2015) (emphasis added).
Several parties filed briefs in response to that request.
Additionally, on Sept 16, 2015, Washington County Probate
Judge Nick Williams filed an "Emergency Petition for
Declaratory Judgement and/or Protective Order in Light of
Jailing of Kentucky Clerk Kim Davis," which requested the
Court "to prevent the imprisonment and ruin of their State's
probate judges who maintain fidelity to their oath of office
and their faith." On September 22, Elmore County Probate Judge
John Enslen joined Judge Williams's Emergency Petition. On
October 5, Judge Enslen filed a separate petition for a
declaratory judgment arguing additional grounds for relief.
In October, Eunie Smith, President of the Eagle Forum of
Alabama and Dr. John Killian, Sr., former President of the
Alabama Baptist State Convention, published a guest opinion on stating that they "anxiously await" the pending
decision on the effect of Obergefell on the orders in API. In
December, the Southeast Law Institute of Birmingham, whose
President is local counsel for some of the parties in API,
stated in an online commentary that he was "encouraging all of
those who have great concern over this issue to be prayerfully
patient" as the Court deliberates.
Confusion and uncertainty exist among the probate judges
of this State as to the effect of Obergefell on the "existing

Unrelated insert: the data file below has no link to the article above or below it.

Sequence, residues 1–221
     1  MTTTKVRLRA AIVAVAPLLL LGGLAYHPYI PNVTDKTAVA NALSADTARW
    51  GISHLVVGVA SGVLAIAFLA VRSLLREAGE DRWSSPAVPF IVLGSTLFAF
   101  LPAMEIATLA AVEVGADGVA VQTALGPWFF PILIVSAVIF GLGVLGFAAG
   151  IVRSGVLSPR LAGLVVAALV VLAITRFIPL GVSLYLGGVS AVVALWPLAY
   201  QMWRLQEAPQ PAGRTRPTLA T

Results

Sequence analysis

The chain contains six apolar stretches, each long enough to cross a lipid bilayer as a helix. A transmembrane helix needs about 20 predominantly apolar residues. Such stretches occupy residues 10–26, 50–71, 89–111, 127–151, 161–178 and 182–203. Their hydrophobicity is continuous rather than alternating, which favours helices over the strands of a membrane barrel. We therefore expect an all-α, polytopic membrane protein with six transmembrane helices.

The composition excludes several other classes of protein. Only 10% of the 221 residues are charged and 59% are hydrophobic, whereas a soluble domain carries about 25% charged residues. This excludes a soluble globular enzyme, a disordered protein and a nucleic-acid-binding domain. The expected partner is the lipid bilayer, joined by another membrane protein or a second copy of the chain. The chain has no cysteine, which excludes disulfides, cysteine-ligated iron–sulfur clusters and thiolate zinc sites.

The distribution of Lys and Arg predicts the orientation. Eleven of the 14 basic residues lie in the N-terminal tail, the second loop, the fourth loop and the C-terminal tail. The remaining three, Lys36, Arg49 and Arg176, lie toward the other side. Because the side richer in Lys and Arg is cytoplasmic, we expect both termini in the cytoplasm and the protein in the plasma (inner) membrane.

orders" in API. Many probate judges are issuing marriage
licenses to same-sex couples in accordance with Obergefell;
others are issuing marriage licenses only to couples of the
opposite gender or have ceased issuing all marriage licenses.
This disparity affects the administration of justice in this

I am not at liberty to provide any guidance to Alabama
probate judges on the effect of Obergefell on the existing
orders of the Alabama Supreme Court. That issue remains before
the entire Court which continues to deliberate on the matter.
Nevertheless, recent developments of potential relevance
since Obergefell may impact this issue. The United States
Court of Appeals for the Eighth Circuit recently ruled that
Obergefell did not directly invalidate the marriage laws of
states under its jurisdiction. While applying Obergefell as
defendants' suggestion that Obergefell mooted the case. The
Eighth Circuit stated: "The [Obergefell] Court invalidated
laws in Michigan, Kentucky, Ohio, and Tennessee -- not
Nebraska." Waters v Ricketts, 798 F.3d 682, 685 (8th Cir.
2015) (emphasis added). In two other cases the Eighth Circuit
repeated its statement that Obergefell directly invalidated
only the laws of the four states in the Sixth Circuit. See
Jernigan v Crane,796 F.3d 976, 979 (8th Cir. 2015) ("not
Arkansas"); Rosenbrahn v Daugaard, 799 F.3d 918, 922 (8th Cir
2015) ("not South Dakota").